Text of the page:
Jae-sun Seo, assistant professor, School of Electrical, Computer and Energy Engineering: This project addresses major hardware and software design challenges inherent in building computers that can perform cognitive tasks (e.g., learning, recognition) as well as humans, taking a major step toward building brain-inspired intelligent computing systems that are ultra-energy-efficient for cognitive tasks in computer vision, speech, robotics and biomedical applications.
Jay Oswald, assistant professor, School for Engineering of Matter, Transport and Energy: This project supports fundamental research on how material structure at the molecular scale affects macroscopic physical properties of semi-crystalline plastics. Its goal is to foster innovation in plastics manufacturing and shorten today’s typical 10- to 20-year development cycle for materials development.
Robert Wang, assistant professor, School for Engineering of Matter, Transport and Energy: Materials that enable advanced control over the transmission of electricity and light are known as electronic and photonic materials, respectively. These materials have made possible numerous modern technologies such as laptops, cellular phones, fiber optics, lasers and microscopes. In contrast, technological control over sound and heat has lagged far behind. This project focuses on creating phononic materials that consist of organized nanoparticle-molecule assemblies that possess vibrational characteristics that do not arise in naturally occurring materials. These novel assemblies will then be used to create filters, mirrors and one-way valves that manipulate the transmission of sound and heat.
Yueming (Lucy) Qiu, assistant professor, The Polytechnic School: Using a dataset from the Phoenix metropolitan area, this project creates a platform for accurate and scalable analysis of home energy efficiency projects, taking into consideration such factors as the interplay of technologies and occupant behaviors, that will translate into statistical evidence of realized energy savings.
College of Liberal Arts and Sciences:
Christy Till, assistant professor, School of Earth and Space Exploration: Monitoring the composition of volcanic gas emissions, local ground surface deformation and the size and location of volcanism-related earthquakes provides a wealth of information about magma storage and movement beneath active volcanoes. Despite the volume of information collected about volcanism-related earthquakes, there is a lack of sufficient context to interpret those data in ways that enable the prediction of coming eruptions. This project will reconstruct detailed histories of magma bodies in the days and years leading to past eruptions at three different explosive volcanoes, which will then be used to develop models for eruption forecasting and volcano hazard assessments.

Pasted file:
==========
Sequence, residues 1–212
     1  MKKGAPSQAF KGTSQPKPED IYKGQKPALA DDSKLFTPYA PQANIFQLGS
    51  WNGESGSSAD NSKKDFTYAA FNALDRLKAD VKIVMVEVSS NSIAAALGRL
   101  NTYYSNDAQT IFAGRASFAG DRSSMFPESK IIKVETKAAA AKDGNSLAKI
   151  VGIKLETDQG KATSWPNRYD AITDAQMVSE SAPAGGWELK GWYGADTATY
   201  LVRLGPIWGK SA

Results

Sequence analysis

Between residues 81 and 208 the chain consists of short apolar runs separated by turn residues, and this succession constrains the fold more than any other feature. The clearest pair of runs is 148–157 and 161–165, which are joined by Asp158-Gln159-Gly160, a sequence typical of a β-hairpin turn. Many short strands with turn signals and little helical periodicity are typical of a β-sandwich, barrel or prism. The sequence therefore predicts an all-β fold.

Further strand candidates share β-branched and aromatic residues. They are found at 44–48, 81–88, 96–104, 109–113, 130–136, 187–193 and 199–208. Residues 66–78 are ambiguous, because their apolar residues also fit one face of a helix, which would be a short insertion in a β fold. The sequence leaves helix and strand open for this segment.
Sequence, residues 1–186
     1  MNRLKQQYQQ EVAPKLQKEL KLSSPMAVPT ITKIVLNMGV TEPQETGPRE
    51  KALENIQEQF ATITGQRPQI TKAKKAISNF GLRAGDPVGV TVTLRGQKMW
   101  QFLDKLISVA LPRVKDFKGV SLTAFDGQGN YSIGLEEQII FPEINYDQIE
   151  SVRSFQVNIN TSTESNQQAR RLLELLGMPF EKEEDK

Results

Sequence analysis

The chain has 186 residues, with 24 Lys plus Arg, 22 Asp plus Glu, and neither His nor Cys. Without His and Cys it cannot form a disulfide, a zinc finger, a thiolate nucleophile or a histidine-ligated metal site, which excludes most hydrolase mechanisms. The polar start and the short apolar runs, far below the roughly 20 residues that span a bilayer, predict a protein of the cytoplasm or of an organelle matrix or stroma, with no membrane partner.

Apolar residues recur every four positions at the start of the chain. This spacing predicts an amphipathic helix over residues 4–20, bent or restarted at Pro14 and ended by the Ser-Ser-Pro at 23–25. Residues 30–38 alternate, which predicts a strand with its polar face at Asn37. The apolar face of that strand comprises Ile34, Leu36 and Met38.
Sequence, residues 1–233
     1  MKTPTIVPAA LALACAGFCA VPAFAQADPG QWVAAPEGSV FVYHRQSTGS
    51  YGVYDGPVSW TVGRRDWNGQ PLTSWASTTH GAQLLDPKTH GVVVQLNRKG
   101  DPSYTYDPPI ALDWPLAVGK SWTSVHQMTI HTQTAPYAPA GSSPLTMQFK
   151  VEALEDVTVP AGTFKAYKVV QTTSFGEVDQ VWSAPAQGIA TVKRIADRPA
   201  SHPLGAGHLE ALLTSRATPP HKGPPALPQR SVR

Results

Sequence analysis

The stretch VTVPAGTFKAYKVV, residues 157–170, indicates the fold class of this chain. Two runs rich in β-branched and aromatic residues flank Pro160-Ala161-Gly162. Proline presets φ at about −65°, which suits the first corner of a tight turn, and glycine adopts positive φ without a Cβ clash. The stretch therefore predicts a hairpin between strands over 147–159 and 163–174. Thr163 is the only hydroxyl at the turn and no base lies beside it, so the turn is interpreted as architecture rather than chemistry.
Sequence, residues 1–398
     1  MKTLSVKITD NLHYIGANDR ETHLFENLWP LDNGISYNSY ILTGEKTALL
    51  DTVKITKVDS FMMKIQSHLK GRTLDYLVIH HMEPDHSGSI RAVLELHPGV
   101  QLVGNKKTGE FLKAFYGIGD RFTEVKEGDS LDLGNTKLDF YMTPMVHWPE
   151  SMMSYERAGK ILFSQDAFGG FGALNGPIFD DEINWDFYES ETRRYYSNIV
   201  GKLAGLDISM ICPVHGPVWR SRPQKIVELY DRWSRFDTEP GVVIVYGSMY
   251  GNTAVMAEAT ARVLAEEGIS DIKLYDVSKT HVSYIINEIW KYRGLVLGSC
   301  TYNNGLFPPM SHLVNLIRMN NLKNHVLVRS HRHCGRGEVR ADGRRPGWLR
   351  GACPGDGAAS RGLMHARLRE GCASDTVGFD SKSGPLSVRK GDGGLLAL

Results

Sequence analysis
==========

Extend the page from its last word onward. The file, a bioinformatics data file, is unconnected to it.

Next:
Ryan Trovitch, assistant professor, School of Molecular Sciences: Long-chain polymer molecules are used in agriculture, food, healthy and safety and food industries. For more than half a century, for example, silicone polymers have been used in consumer products such as contact lenses, flexible tubing and medical implants. This project seeks ways to overcome the significant challenges of making catalysts to prepare polymers from abundant metals, such as manganese, rather than costly precious metals like platinum, iridium and silver. The development of manganese-based catalysts for silicone preparation would represent a significant advance in sustainable chemistry.
Gary Moore, assistant professor, School of Molecular Sciences: Catalysts are chemical substances that provide alternative pathways for chemical reactions, and some are difficult to recover when the process is completed. Attaching these catalysts to a solid surface improves their recoverability and provides additional pathways for use. This project is developing innovative ways to create and assemble polymeric surface coatings that attach molecular catalysts to solids in ways that are useful for solar energy capture and storage. The catalyst-polymer construct stabilizes the component materials and enhances their utility for generating fuels and other value-added chemical products, with minimal environmental impact.
Steve Presse, associate professor, School of Molecular Sciences and Department of Physics: The living cell is an active environment where large biological molecules (such as proteins or DNA) move, collide and react. Current experiments observe these processes indirectly in living systems and, as a result, interpreting these data to understand and mathematically describe what happens inside cells is challenging. This project seeks to contribute to the development of quantitative biology by considering how data-driven models can be inferred from currently available experimental data. This modeling will produce theoretical frameworks that capture how the diffusion of biomolecules and their fluctuating shapes ultimately sustain life.